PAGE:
HAMİDULLAH SADIK / Journalist Afghanistan
Journalists are experiencing the greatest concern in Taliban-ruled Afghanistan. Many of them leave the country, while those who are left behind either quit journalism or struggle to survive under difficult conditions. And those who have to continue their profession cannot find an official to talk and report
Chaos prevails in Afghanistan, which came under Taliban rule with the withdrawal of the United States. While the fear of the Taliban has caused tens of thousands of people to leave the country, the media is also experiencing its most troubled days. Some journalists have left the country for fear of being killed, while others complain about being unable to find an answerer and report on behalf of the Taliban.
In recent months, Deutsche Welle’s Afghan correspondent has been targeted by the Taliban. Taliban raided the journalist’s house, killed one person, and injured another.
30 MEDIA EMPLOYEES WERE KILLED
At the first press conference after the Taliban took over, they announced that the media would be able to continue their work if they adhere to Islamic
values, maintain neutrality and national interests. Time will show whether more than 170 radio stations, more than 100 newspapers and dozens of television channels will resume broadcasting in the country. However, it is necessary to record the fact that at least 50 media outlets have closed in the last 4 months, and at least 30 media employees have also been killed since the beginning of the year.
Currently, many Afghan journalists are hiding, leaving the profession, deleting their social media profiles, or trying to flee the country. The United Nations
(UN) report confirms that threats to journalists are increasing. According to Human Rights Watch, Taliban are tracking journalists, alerting them by text
messages via Facebook, or detaining them. It is also now commonplace that journalists who have been tortured or exposed to violence in detention.
“AFGHANISTAN IS LOSING ITS ACCUMULATION”
For journalists who have left the country are ‘a great loss,’ said journalist T. O., (Due to the safety of journalists, we had to encode the names that were reserved for us.) “Afghanistan is losing its huge accumulation. these people have been invested the country for 20 years, but they are forced to leave the country and take refuge in other countries due to the lack of security. Unfortunately, those who cannot leave the country are hiding.” expressed he. Journalist T.O. explains that the frame is also dangerous for him, that there is no life safety left and that he wants to leave his country due to economic difficulties.
“IT’S VERY DIFFICULT TO MAKE NEWS NOW”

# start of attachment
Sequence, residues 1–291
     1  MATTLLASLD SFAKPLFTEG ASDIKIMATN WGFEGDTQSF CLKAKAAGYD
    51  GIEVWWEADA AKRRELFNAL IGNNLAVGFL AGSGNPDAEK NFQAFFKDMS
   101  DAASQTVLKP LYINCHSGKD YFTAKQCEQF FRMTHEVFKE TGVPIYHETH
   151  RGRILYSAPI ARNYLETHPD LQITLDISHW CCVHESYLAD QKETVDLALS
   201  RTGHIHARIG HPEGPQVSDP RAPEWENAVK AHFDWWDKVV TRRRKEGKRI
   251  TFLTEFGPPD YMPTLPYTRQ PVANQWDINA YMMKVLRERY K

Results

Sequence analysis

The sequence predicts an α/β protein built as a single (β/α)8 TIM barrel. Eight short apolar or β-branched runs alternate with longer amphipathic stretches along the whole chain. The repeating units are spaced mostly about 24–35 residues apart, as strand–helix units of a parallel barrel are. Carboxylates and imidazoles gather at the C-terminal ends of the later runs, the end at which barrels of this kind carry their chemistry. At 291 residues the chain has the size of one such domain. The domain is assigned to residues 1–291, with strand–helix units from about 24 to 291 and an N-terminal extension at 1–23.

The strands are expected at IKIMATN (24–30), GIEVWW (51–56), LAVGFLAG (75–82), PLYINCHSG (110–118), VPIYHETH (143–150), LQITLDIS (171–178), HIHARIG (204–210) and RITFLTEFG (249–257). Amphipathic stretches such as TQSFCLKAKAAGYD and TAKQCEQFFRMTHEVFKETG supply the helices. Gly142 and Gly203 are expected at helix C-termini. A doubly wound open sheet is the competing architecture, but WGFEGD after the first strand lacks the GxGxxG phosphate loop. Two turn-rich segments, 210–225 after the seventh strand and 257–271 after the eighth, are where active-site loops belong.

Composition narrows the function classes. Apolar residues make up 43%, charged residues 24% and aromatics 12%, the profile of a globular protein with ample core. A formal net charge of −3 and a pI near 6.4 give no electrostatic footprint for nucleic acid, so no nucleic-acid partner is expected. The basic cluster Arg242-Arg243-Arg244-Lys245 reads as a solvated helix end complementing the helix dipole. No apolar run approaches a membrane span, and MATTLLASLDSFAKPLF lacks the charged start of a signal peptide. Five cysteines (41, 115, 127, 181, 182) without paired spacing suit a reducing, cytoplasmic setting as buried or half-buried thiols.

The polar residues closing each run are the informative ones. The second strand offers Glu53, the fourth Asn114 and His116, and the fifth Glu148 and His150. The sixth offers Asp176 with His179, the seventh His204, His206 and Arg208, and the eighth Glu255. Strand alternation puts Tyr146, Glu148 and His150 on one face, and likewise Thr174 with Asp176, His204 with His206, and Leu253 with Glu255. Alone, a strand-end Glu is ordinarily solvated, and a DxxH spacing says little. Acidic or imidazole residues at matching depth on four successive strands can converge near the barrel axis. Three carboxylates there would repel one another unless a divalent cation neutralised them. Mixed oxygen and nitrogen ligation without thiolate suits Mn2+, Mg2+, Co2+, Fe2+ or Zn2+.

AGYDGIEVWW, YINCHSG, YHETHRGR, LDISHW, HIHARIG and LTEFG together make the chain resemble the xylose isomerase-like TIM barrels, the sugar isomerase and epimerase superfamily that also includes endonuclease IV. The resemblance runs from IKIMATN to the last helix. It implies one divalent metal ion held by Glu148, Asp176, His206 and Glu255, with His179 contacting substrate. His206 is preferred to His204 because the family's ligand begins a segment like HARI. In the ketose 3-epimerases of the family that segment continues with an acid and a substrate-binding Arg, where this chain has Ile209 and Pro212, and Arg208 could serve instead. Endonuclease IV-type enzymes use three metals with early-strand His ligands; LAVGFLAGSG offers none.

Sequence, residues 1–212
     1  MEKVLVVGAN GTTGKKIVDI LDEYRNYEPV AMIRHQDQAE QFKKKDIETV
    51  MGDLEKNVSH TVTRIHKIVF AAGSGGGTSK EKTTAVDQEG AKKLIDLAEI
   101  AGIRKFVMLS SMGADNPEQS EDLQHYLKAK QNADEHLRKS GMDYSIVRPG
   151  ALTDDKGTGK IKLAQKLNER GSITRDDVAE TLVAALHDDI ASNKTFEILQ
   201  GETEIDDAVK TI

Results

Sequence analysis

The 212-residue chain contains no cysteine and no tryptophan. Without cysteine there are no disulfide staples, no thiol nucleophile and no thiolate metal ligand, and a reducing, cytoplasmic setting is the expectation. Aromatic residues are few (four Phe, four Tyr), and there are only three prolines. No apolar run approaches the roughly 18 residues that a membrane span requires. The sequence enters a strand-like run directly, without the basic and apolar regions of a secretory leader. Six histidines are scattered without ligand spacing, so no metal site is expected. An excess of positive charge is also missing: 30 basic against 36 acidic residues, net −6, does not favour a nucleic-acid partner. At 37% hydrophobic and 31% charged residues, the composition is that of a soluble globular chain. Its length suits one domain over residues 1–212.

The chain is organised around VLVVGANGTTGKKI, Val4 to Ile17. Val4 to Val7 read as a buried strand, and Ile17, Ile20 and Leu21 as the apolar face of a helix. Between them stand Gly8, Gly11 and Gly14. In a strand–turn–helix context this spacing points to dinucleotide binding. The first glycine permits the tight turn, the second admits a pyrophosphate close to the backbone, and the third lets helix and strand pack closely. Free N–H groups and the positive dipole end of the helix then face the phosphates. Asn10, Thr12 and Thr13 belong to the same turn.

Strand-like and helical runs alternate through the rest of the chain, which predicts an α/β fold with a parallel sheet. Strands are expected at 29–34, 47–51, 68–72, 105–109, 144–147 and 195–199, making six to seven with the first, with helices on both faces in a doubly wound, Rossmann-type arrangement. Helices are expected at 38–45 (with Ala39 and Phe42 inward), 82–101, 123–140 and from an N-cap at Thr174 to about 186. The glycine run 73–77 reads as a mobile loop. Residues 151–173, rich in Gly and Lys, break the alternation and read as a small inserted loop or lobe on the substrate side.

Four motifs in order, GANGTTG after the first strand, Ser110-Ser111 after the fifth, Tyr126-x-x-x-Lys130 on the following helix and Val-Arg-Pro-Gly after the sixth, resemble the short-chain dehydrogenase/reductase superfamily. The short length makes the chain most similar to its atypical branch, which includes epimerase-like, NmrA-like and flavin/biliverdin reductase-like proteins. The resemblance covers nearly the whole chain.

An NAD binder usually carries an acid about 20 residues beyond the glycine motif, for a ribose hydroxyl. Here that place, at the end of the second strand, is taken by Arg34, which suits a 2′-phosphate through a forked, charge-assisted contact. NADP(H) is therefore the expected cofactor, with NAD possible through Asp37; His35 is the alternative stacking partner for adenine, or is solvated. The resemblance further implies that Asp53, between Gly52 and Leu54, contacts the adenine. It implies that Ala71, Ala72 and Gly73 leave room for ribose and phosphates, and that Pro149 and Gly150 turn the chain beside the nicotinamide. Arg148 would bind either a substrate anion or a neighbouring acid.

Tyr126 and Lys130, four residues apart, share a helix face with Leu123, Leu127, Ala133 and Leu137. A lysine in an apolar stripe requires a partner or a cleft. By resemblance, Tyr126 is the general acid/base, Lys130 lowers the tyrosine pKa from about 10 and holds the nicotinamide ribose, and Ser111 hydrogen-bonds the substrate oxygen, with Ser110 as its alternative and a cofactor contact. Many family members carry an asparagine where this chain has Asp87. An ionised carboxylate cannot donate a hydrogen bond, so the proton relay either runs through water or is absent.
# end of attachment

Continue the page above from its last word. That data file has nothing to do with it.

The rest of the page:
“According to the past, it is very difficult to perform journalism in the country.” said the young journalist S.K. he expresses that he has never had such a
hard time making news. S. K., who started journalism 13 years ago, “Although there were similar bans in the past, we were not having diffi culties with access to news sources and information.” However, we are currently tied up. Sometimes it’s not even possible to take an image from the street. Because we are threatened, even subjected to violence.” said he.
“WE CAN’T FIND AN ANSWERER TO ASK QUESTIONS”
The Taliban’s view of journalists is clear. A Taliban spokesman warned in May that journalists would “face consequences” as a result of unilaterally reporting or meeting with intelligence agencies.
Journalist A.K., stating that it is diffi cult to get to the news and write it by confi rming the source of the news fi rsthand, “Diffi cult days of journalism await us. In addition to freedom of expression, freedom of thought was also taken hostage. You want to get an opinion from the Taliban authorities on something, but no one is answering you. You can’t fi nd anyone to answer your questions either. Finally, you have to give up the news.” he says.
“DON’T TALK! YOU’RE TEMPTING ME!”
Despite statements by the Taliban that women can continue their duties, female journalists are threatened. Some female journalists say they have received death threats and are hiding because the Taliban are looking for them. Female journalists are seriously concerned following the assassinations of
female journalists last year.
Journalist and women activist K. A, comparing the situations of female journalists before and after the Taliban, said, “Journalism was diffi cult in previous periods, but it is even more diffi cult now. As women, we have no right to be in any environment. We have entered a period when the woman’s face should not be visible, they should be trained behind the scenes.’ she says. Journalist K.A., “I began to make an interview a Taliban member. He said “Don’t talk looking my face. You’re tempting me.” How do you think a woman can be a journalist in a regime with this logic?” asks she.
This is how the situation is summarized in Taliban-ruled Afghanistan, which has closed most of its media outlets. more than 1200 journalists have lost their jobs due to closures or the displacement of Taliban supporters. The reopened media outlets are spreading Taliban propaganda.